I’m frankly baffled, as I have been all cycle, that Trump hasn’t imploded. But Megan McArdle offers some useful reminders:
Some things to remember when you’re posting about how a speech went, or a convention went:
1) If you’re already planning to vote for the candidate, then the fact that you liked the speech is irrelevant. You’re not the important audience.
2) If you hate the candidate, and would indeed drag yourself to the polling place by your tongue to vote against them if your arms and legs should happen to fail, then the fact that you hated the speech is irrelevant. You’re not the important audience.
3) “That speech was effective (or ineffective)” is a statement with almost no analytical overlap with “This candidate would be a good (or bad)” president. The former is a positive analysis; the latter is a normative analysis. Most people fight about the former when they’re really trying to argue about the latter. Candidates can win Argument B by delivering on Argument A. You, the Facebook poster, cannot. People like it or they don’t. No amount of arguing that they should have liked it, or hated it, will change that visceral reaction.
4) Things play really differently to different audiences. Urban progressives love being told that people in other countries are horrified by Donald Trump. To people who don’t have passports, that sounds teeth gratingly like “We should substitute the opinions of some foreigner for yours”. Think about who the candidates need to win, not who they already have.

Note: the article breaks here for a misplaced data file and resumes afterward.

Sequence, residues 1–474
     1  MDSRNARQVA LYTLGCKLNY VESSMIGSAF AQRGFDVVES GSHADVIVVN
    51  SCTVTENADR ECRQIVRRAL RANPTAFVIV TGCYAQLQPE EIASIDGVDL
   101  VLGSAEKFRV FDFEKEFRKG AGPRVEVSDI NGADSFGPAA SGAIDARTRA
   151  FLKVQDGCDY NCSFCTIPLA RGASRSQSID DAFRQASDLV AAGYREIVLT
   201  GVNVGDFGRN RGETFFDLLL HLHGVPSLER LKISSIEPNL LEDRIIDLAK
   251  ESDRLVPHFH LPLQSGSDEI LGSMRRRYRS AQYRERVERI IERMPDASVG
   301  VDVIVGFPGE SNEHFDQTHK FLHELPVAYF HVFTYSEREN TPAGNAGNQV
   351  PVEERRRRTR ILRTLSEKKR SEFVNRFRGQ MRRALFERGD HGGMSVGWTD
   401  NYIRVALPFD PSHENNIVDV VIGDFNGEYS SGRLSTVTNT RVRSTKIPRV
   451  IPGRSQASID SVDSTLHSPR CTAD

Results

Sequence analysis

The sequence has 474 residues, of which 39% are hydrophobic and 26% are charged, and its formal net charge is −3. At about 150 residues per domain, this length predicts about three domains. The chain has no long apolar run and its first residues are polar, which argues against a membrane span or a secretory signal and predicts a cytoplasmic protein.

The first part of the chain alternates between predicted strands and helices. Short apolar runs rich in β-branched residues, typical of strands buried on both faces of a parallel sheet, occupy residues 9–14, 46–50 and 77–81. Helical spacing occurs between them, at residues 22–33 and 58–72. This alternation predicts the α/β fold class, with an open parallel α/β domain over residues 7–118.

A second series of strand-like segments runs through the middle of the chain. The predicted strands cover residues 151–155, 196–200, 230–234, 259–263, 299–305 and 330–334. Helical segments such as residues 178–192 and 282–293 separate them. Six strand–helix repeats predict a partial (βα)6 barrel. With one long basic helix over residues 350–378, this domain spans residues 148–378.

5) All sorts of things matter that shouldn’t. Women have a handicap. Taller men have an advantage over shorter ones. People with less-than-sonorous speaking voices, unusual facial architecture (think Ted Cruz’s smile, which is clearly just the way his face is made), male pattern baldness, less symmetrical features, wooden speech delivery, etc. all take a penalty for something over which they have no control. Liberals get a boost from the fact that urban professionals who make up the media, all else equal, feel more natural affinity with them than they do with conservatives, especially social conservatives, and that inevitably creeps into the way they assess and talk about the candidate. In a better world none of these things would be true, but in this one they are, and arguing that it shouldn’t, to friends who are pretty likely to already agree with you, may be satisfying, but won’t make those things less real.
Human beings have a remarkable capacity for reading what they want into a speech based on their preconceptions and biases. We’ll naturally give the benefit of the doubt to our candidate and read the worst possible intentions into statements made by the opposition. And, yes, while Clinton gets some benefits from being a woman she’s also penalized for it. Her voice and inflection can be grating.
Megan makes two other points: